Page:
“Arise, shine (Jerusalem), for your light has come, and the glory of the Lord shines over you. For, look, darkness covers the earth, and total darkness the peoples; but the Lord will shine over you, and His glory will appear over you. Nations will come to your light, and kings to the brightness of your radiance. Raise your eyes and look around: they all gather and come to you; your sons will come from far away, and your daughters will be carried on the hip. Then you will see and be radiant, and your heart will tremble and rejoice, because the riches of the sea will become yours, and the wealth of the nations will come over you. Caravans of camels will cover your land – young camels of Midian and Ephah – all of them will come from Sheba. They will carry gold and frankincense and proclaim the praises of the Lord.” Isaiah 60:1-6
We are, of course, familiar with the fact that Gentiles (non-Jews) comprise the majority in the Church today. But in Isaiah’s day, this was not so. It was unthinkable for many of Isaiah’s generation that Gentiles could be counted among God’s people. The historical precedence of Gentile believers is clearly articulated in the Torah yet almost completely overlooked by the Jewish community, even today. It is true that Ruth, Tamar, Rahab, and Bathsheba were all accounted for as righteous. (See also: Matthew 1) But they were an exception, not a rule. I say this to help you feel the gravity of Isaiah’s insistence on the coming influx of Gentiles, counted among God’s people, by faith in Messiah.
The closing chapters of Isaiah depict this Gentile influx but go beyond it. The language is exalted. It depicts things that transcend even our own era. For us, the “Gentile believer phenomena” is commonplace. Much of the shock of Isaiah’s message is lost on us because we are literally living in an era of fulfillment (in part) of Isaiah’s prophecy. In our day, the uncommon thing is to find JEWS who believe Jesus is Messiah, although Jewish believers are growing in number. Isaiah is pointing beyond even our understanding of his generation’s “things to come.”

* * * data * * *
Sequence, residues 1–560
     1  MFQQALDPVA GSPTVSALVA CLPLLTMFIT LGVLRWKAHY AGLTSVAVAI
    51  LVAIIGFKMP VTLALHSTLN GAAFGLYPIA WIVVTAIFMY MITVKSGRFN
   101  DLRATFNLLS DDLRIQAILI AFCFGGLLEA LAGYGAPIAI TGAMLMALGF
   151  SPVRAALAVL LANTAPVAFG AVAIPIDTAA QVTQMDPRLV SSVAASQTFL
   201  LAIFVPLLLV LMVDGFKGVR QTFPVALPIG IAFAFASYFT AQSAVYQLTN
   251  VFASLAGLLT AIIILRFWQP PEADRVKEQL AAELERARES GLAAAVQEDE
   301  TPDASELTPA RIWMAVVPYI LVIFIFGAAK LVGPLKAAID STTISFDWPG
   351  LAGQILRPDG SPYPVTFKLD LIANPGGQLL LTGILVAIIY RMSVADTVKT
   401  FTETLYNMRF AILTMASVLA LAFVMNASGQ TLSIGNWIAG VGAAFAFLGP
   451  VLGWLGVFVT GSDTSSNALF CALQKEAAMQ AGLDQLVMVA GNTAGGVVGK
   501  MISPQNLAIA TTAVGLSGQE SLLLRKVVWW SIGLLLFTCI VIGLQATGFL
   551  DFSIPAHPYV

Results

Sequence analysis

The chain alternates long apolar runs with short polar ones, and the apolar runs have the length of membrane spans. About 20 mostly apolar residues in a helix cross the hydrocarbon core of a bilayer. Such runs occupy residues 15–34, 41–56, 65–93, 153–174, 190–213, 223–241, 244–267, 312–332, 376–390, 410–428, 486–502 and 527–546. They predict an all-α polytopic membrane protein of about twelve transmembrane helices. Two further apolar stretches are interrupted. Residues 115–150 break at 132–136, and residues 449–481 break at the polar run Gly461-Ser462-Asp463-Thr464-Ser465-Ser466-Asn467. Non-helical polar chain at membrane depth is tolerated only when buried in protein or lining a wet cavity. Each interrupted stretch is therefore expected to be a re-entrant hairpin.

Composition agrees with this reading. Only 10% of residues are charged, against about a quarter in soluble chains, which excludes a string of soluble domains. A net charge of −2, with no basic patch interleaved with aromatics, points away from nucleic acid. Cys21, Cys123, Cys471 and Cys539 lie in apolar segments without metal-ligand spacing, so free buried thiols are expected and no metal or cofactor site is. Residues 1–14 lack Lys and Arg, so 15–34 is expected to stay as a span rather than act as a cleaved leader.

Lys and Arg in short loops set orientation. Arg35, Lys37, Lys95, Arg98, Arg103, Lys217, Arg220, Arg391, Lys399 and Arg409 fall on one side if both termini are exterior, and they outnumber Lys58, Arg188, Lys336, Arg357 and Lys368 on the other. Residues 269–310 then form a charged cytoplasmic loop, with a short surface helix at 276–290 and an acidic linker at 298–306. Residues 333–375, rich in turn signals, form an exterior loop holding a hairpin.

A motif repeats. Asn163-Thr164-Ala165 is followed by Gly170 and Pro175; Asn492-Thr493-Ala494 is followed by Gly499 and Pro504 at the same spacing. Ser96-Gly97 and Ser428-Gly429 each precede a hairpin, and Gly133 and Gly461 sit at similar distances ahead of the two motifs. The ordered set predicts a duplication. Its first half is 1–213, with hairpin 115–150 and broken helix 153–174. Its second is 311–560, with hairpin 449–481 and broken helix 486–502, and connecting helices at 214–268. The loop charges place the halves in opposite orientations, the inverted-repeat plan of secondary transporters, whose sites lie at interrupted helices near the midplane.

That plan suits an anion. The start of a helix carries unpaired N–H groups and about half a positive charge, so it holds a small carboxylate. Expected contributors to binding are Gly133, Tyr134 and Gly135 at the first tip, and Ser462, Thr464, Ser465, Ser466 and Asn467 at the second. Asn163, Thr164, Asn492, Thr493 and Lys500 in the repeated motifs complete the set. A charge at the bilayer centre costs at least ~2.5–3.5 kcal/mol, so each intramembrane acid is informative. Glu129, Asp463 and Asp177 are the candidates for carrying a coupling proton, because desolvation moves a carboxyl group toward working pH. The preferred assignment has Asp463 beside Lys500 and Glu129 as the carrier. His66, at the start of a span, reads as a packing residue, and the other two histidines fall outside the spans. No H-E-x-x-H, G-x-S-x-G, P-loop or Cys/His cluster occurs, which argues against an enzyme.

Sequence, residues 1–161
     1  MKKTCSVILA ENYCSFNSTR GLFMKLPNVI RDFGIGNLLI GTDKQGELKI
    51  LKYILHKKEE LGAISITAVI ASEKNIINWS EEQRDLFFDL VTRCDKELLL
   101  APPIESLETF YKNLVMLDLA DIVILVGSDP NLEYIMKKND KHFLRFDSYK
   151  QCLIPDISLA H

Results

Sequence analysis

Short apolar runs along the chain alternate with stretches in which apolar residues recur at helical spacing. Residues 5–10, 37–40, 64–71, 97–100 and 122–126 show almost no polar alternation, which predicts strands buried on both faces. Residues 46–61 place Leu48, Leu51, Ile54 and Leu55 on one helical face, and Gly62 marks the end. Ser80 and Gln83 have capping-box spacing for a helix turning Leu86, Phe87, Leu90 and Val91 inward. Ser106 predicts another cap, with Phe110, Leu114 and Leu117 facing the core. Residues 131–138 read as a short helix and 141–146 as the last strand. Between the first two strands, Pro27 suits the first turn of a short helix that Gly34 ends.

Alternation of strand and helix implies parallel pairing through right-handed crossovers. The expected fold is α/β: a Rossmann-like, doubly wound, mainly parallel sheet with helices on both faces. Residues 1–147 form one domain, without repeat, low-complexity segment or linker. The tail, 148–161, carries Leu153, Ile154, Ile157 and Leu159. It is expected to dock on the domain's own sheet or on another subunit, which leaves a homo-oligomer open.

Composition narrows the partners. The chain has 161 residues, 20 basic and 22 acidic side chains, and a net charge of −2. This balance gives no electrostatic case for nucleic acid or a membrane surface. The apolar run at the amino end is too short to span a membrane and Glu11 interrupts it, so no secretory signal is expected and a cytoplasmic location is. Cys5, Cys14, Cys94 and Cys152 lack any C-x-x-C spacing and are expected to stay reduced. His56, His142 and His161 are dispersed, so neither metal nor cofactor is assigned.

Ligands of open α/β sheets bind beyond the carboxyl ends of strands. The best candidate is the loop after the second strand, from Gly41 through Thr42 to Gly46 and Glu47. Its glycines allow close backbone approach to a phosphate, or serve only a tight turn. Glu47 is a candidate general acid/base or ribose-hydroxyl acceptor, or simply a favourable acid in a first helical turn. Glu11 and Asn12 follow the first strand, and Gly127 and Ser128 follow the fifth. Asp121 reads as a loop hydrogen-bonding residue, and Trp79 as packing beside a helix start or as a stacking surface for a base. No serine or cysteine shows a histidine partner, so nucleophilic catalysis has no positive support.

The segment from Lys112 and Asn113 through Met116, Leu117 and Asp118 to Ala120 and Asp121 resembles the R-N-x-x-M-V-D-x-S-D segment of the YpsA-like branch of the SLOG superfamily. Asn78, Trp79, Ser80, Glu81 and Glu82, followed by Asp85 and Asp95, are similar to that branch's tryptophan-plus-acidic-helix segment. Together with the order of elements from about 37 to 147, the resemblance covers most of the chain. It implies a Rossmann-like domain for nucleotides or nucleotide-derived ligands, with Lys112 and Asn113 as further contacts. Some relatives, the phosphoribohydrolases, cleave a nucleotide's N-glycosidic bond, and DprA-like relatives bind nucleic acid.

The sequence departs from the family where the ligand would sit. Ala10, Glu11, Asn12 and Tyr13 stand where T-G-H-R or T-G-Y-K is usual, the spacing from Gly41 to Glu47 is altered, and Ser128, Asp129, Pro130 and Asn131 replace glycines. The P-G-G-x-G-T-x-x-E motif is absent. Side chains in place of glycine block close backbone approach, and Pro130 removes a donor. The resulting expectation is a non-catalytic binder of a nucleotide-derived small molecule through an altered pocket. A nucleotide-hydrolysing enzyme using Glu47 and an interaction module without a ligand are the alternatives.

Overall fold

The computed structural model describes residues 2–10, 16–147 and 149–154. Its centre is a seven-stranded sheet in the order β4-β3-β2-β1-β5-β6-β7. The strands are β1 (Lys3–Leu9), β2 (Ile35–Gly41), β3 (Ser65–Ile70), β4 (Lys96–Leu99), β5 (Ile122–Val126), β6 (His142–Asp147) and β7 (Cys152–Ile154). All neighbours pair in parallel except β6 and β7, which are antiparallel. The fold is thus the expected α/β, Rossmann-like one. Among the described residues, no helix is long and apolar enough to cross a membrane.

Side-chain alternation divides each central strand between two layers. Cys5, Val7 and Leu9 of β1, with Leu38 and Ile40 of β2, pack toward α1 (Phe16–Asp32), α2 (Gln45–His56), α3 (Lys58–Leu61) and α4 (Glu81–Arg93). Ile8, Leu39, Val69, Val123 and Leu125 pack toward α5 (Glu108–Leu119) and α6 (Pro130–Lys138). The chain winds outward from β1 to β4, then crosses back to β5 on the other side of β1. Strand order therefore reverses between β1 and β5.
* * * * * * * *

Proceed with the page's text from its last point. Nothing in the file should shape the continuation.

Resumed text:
We should keep in mind the fact that Revelation 21, with its picture of the New Jerusalem, draws heavily on Isaiah 60. So much so that the apostle John is considered the “Isaiah” of the New Testament. The nations will walk by the light of the holy city, and the kings of the earth will bring their glory into it. (Revelation 21:24) This may also be an allusion to the star that appeared over Bethlehem at the birth of Jesus. (Matthew 2:1-12) Further references to the wealth and riches, including “gold and incense,” together with “camels” from far-away places, maybe an even clearer reference to wise men who came “from the east” to present their gifts to Jesus. (See also: Psalm 72:10-11)
Clearly, today’s passage is an announcement of God’s intention to gather a worldwide harvest through the gospel. The “sons and daughters” are of every nationality. The nations, islands, and foreigners comprise a large part of those who “honor the Lord.” They are pictured as doves coming home to their lofts. Have you come home yet? There is still time to place your faith in Him, who draws all men unto Himself. So, have you come home to roost, or have you flown the coop, still looking for a safe place to land? (Matthew 11:28)
Elevating your Faith with daily Bible reading and devotionals written by Steve Wiggins.
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